Sampaga v. Snohomish County et al

Filing 24

CORRECTED ORDER granting defendants' 16 motion for summary judgment and dismissing all claims asserted against defendants Snohomish County and Mark Roe by Judge Richard A Jones. (RS)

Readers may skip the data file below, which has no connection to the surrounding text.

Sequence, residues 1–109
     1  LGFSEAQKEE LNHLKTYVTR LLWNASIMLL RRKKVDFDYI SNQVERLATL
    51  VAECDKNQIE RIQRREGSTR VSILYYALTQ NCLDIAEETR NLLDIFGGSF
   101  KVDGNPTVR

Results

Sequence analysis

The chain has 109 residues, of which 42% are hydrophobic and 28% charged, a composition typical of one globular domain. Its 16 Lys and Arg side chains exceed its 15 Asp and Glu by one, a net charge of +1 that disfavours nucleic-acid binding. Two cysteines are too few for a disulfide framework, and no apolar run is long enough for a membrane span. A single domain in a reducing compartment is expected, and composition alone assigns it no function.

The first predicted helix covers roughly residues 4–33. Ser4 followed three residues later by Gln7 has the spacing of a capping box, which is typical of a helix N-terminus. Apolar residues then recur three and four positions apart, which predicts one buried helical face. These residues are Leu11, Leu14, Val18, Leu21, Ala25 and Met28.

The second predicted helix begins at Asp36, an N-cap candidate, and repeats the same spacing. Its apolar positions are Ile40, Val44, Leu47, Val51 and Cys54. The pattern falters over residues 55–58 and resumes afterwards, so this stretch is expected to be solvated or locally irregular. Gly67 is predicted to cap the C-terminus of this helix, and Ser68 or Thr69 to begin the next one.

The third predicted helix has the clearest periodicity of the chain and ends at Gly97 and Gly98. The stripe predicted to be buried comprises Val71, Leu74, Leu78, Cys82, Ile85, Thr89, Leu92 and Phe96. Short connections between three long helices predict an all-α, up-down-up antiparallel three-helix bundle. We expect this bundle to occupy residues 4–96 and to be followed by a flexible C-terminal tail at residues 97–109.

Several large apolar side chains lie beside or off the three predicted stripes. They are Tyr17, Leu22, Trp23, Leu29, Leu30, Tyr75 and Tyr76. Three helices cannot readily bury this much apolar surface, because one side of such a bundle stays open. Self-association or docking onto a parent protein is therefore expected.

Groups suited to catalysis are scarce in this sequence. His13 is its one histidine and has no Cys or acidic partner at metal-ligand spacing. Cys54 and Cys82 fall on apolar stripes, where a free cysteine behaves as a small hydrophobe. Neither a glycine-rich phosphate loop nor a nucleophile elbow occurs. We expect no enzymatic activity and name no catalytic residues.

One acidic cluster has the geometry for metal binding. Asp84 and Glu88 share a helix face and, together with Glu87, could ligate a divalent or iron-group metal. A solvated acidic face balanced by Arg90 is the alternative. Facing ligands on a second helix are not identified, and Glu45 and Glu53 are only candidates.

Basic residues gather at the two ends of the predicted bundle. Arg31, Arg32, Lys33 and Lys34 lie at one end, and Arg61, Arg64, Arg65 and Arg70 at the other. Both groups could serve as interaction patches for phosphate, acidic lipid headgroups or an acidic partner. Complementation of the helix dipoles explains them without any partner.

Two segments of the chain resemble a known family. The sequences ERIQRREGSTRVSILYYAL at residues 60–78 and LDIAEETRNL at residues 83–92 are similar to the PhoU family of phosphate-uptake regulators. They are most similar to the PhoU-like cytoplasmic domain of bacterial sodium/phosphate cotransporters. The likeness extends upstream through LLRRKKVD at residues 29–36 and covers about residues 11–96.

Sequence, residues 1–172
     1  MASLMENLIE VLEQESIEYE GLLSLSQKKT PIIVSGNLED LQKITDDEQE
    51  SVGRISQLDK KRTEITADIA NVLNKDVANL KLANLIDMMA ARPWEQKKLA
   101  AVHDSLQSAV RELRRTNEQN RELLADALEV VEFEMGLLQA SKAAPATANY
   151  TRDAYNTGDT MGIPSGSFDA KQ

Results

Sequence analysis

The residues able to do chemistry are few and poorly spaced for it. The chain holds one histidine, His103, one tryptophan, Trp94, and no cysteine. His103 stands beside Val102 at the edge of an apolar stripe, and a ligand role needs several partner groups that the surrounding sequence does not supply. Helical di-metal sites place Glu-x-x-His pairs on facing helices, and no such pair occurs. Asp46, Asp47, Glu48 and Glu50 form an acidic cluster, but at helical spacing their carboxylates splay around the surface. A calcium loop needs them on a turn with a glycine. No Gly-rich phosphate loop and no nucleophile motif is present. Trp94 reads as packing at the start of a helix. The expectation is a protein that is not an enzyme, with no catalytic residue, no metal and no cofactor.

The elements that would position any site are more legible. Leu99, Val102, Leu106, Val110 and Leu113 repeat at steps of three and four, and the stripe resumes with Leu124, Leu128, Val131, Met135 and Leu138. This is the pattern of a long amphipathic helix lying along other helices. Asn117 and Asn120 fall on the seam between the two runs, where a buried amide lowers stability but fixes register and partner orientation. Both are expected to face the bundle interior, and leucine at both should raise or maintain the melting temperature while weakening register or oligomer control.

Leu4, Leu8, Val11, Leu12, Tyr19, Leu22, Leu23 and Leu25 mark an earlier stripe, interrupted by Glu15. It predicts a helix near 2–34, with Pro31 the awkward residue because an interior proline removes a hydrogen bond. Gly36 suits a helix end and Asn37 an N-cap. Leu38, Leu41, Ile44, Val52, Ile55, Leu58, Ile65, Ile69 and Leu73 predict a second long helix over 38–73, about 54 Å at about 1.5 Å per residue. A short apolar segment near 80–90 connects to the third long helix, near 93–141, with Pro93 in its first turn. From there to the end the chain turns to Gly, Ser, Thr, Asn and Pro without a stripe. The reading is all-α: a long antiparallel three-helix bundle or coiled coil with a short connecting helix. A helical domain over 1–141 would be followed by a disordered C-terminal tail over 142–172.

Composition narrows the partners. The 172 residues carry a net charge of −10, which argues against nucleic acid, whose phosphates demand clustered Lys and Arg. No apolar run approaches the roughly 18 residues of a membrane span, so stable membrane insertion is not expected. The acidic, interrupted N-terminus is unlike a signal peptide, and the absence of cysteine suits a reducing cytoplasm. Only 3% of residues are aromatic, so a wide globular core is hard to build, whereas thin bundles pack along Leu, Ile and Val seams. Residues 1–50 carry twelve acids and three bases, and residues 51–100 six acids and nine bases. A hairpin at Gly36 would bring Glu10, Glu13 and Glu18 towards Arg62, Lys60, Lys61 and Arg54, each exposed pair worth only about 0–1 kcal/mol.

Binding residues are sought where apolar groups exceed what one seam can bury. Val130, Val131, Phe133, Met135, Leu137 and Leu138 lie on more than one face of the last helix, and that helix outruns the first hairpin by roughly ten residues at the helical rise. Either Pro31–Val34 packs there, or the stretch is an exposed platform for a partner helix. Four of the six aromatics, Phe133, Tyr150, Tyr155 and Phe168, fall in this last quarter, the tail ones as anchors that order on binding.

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THE HONORABLE RICHARD A. JONES 1 2 3 UNITED STATES DISTRICT COURT WESTERN DISTRICT OF WASHINGTON AT SEATTLE 4 5 6 JASON SAMPAGA, NO. 16-01310-RAJ Plaintiff, 7 vs. ORDER 8 9 10 11 12 13 14 15 SNOHOMISH COUNTY, a municipal corporation; SNOHOMISH COUNTY PROSECUTING ATTORNEY MARK ROE, in his official capacity, and as an individual; THE CITY OF EVERETT, a municipal corporation, and the EVERETT POLICE DEPARTMENT, EVERETT POLICE DEPARTMENT CHIEF OF POLICE DAN TEMPLEMAN, in his official capacity, and as an individual; JOE NEUSSENDORFER, an individual; DEB (Debra or Deborah) COLEMAN, an individual; PETER NOETZEL, an individual; SUZANNE EVISTON, an individual, 16 Defendants. 17 This matter comes before the Court on Defendants Snohomish County’s and 18 Mark Roe’s Motion for Summary Judgment. Dkt. # 16. Plaintiff Jason Sampaga 19 opposes the motion. Dkt. # 20. For the reasons that follow, the Court GRANTS 20 Defendants’ Motion. 21 I. BACKGROUND 22 Plaintiff is a former Everett Police Officer. Dkt. # 1-3 (Amended Complaint) 23 at ¶ 1.1. In December 2012, Plaintiff responded to two different assault calls. Id. at 24 ¶¶ 3.20, 3.24. In the first incident, Plaintiff did not obtain a statement from an 25 26 ORDER-1 1 injured victim; in the second, Plaintiff left an arrestee alone in his patrol car while he 2 entered a hospital, which was in violation of established protocols. Dkt. # 17-1, Exs. 3 B, D. Plaintiff’s superiors sought explanations for the missing statement and 4 protocol violation but Plaintiff denied any wrongdoing. Id. Plaintiff’s superiors 5 suspected that his explanations were untruthful and an internal investigation ensued. 6 Dkt. # 17-1, Ex. D. The Everett Police Department concluded that Plaintiff’s 7 dishonesty merited his termination. Dkt. # 17-1, Ex. E. Plaintiff’s termination was 8 effective May 6, 2013. Id. 9 On May 8, 2013, the Everett Police Department forwarded its investigation of 10 Plaintiff’s dishonesty to Mr. Roe, the Snohomish County Prosecuting Attorney. 11 Dkt. # 17 (Decl. Roe) at ¶ 9. Mr. Roe evaluated the investigatory reports and 12 determined that there was potential impeachment evidence that needed to be 13 disclosed to the defense in any case in which Plaintiff was listed as a witness. Id. 14 Mr. Roe was informed that there were two pending cases in which Plaintiff was 15 listed as a witness. Id. However, to ensure that disclosures could be made to the 16 defense in future cases, Mr. Roe placed Plaintiff’s name on a Potential Impeachment 17 Disclosure List, a database which Plaintiff refers to as the Brady List. 18 Mr. Sampaga filed suit over his termination and placement on the Brady List. 19 Dkt. # 1-3 (Amended Complaint). Now, Snohomish County and Mr. Roe ask the 20 Court to grant summary judgment in their favor based on a theory of absolute 21 prosecutorial immunity. Dkt. # 16. 22 II. LEGAL STANDARD 23 Summary judgment is appropriate if there is no genuine dispute as to any 24 material fact and the moving party is entitled to judgment as a matter of law. Fed. R. 25 Civ. P. 56(a). The moving party bears the initial burden of demonstrating the 26 ORDER-2 1 absence of a genuine issue of material fact. Celotex Corp. v. Catrett, 477 U.S. 317, 2 323 (1986). Where the moving party will have the burden of proof at trial, it must 3 affirmatively demonstrate that no reasonable trier of fact could find other than for 4 the moving party. Soremekun v. Thrifty Payless, Inc., 509 F.3d 978, 984 (9th Cir. 5 2007). On an issue where the nonmoving party will bear the burden of proof at trial, 6 the moving party can prevail merely by pointing out to the district court that there is 7 an absence of evidence to support the non-moving party’s case. Celotex Corp., 477 8 U.S. at 325. If the moving party meets the initial burden, the opposing party must 9 set forth specific facts showing that there is a genuine issue of fact for trial in order 10 to defeat the motion. Anderson v. Liberty Lobby, Inc., 477 U.S. 242, 250 (1986). 11 The court must view the evidence in the light most favorable to the nonmoving party 12 and draw all reasonable inferences in that party’s favor. Reeves v. Sanderson 13 Plumbing Prods., 530 U.S. 133, 150-51 (2000). 14 In resolving a motion for summary judgment, the court may only consider 15 admissible evidence. Orr v. Bank of America, 285 F.3d 764, 773 (9th Cir. 2002). At 16 the summary judgment stage, a court focuses on the admissibility of the evidence’s 17 content, not on the admissibility of the evidence’s form. Fraser v. Goodale, 342 18 F.3d 1032, 1036 (9th Cir. 2003). 19 III. DISCUSSION 20 Defendants argue that Mr. Roe is entitled to absolute immunity because he 21 was acting within the scope of his official prosecutorial duties. Dkt. # 16 at 13. 22 Prosecutors are entitled to absolute immunity when they are acting in their role as 23 advocates for the State and when their actions are “intimately associated with the 24 judicial phase of the criminal process.” See Kalina v. Fletcher, 522 U.S. 118, 125- 25 26 (1997); Imbler v. Pachtman, 424 U.S. 409, 430 (1976); Waggy v. Spokane 26 ORDER-3 1 County Washington, 594 F.3d 707, 710 (9th Cir. 2010). Absolute immunity is not 2 appropriate if the prosecutor is functioning “in the role of an administrator or 3 investigative officer rather than that of advocate.” Kalina, 522 U.S. at 125. To 4 determine whether absolute immunity applies, courts look to “the nature of the 5 function performed, not the identity of the actor who performed it.” Id. at 127 6 (quoting Forrester v. White, 484 U.S. 219, 229 (1988)); see also Buckley v. 7 Fitzsimmons, 509 U.S. 259, 269 (1993). 8 9 Generally, courts afford prosecutors absolute immunity for acts related to trial preparation. See Buckley, 509 U.S. at 273. “Those acts must include the 10 professional evaluation of the evidence assembled by the police and appropriate 11 preparation for its presentation at trial . . . .” Id. “When arguably administrative acts 12 are directly connected with the conduct of a trial and necessarily require legal 13 knowledge and the exercise of related discretion, absolute immunity is appropriate.” 14 Neri v. Cty. of Stanislaus Dist. Attorney's Office, No. 1:10-CV-823 AWI GSA, 2010 15 WL 3582575, at *4 (E.D. Cal. Sept. 9, 2010) (internal quotations and citations 16 omitted); see also Ybarra v. Reno Thunderbird Mobile Home Vill., 723 F.2d 675, 17 679 (9th Cir. 1984) (recognizing that “[p]reparation, both for the initiation of the 18 criminal process and for a trial, may require the obtaining, reviewing, and evaluating 19 of evidence. At some point, and with respect to some decisions, the prosecutor no 20 doubt functions as an administrator rather than as an officer of the court.”) (quoting 21 Imbler, 424 U.S. at 431 n.33). 22 District courts in this Circuit addressing the issue of Brady Lists have found 23 that prosecutors who made the decision to place officers on those lists and 24 communicated those decisions were entitled to absolute immunity. See Neri, 2010 25 WL 3582575, at * 5; Walters v. Cty. of Maricopa, Ariz, No. CV 04-1920-PHX 26 ORDER-4 1 NVW, 2006 WL 2456173, at *9 (D. Ariz. Aug. 22, 2006) (“The decision to place 2 [the plaintiff] on the Brady list and to communicate that decision, however, were 3 acts for which these Defendants have absolute immunity.”) Similarly, the Ninth 4 Circuit has found that prosecutors are entitled to absolute immunity when assessing 5 witness credibility “even if that judgment is harsh, unfair or clouded by personal 6 animus,” when deciding whether to preserve or release evidence in accordance with 7 Brady, and when building information management systems where legal knowledge 8 is required to assess what is included or excluded. See Roe v. City & Cty. of San 9 Francisco, 109 F.3d 578, 584 (9th Cir. 1997); Ybarra, 723 F.2d at 679 (citing Brady 10 v. Maryland, 373 U.S. 83 (1963)); Cousins v. Lockyer, 568 F.3d 1063, 1069 (9th Cir. 11 2009). Here, Mr. Roe is entitled to absolute immunity. Having reviewed the Everett 12 13 Police Department files regarding Plaintiff, Mr. Roe determined that potential 14 impeachment evidence existed. Dkt. # 17 (Roe Decl.) at ¶ 9. Mr. Roe was bound by 15 Brady to disclose this evidence to the defense in any case where Plaintiff was listed 16 as a witness, for which there were two. Id. at ¶¶9, 15; see also Giglio v. U.S., 405 17 U.S. 150 (1972) (finding that when witness credibility is an important issue in a 18 case, Brady requires its disclosure to the defense) (citing Napue v. Illinois, 360 U.S. 19 264 (1959)). Mr. Roe’s decision to place Plaintiff on the Brady List was therefore 20 based on his objective and reasonable assessment of Plaintiff’s credibility and the 21 potential for Plaintiff to appear as a witness in future cases. 1 Dkt. # 17 (Roe Decl.) 22 23 24 25 26 1 Plaintiff appears to argue that maintaining a Brady List, generally, is an administrative task and therefore Mr. Roe cannot claim absolute immunity. Dkt. # 20 at 11. The Court disagrees. Maintaining a Brady List “necessarily require[s] legal knowledge and the exercise of related discretion[.]” Van de Kamp v. Goldstein, 555 U.S. 335, 344 (2009). Though the act of maintaining a list can be administrative in nature, the list in this matter—the Brady List—created a kind of administrative obligation “that itself is directly connected with the conduct of trial.” Id. This is not the kind of administrative task that strips Mr. Roe of his absolute immunity. ORDER-5 1 at ¶¶ 9, 15. This decision to add Plaintiff’s name to the Brady list was “intimately 2 tied to the judicial process” and therefore warrants absolute immunity. Botello v. 3 Gammick, 413 F.3d 971, 977 (9th Cir. 2005). Mr. Roe’s determination is no less 4 protected because he applied it broadly rather than to one specific case. Roe v. City 5 & Cty. of San Francisco, 109 F.3d 578, 584 (9th Cir. 1997) (finding that evaluating 6 the credibility of a police officer “falls entirely within a prosecutor’s judicial 7 function regardless of whether one case or a line of cases is at issue.”). 8 IV. CONCLUSION 9 For the foregoing reasons, the Court GRANTS Defendants’ Motion for 10 Summary Judgment and therefore dismisses all claims asserted against Defendants 11 Snohomish County and Mark Roe. Dkt. # 16. 12 13 Dated this 29th day of June, 2017. 14 15 A 16 17 The Honorable Richard A. Jones United States District Judge 18 19 20 21 22 23 24 25 26 ORDER-6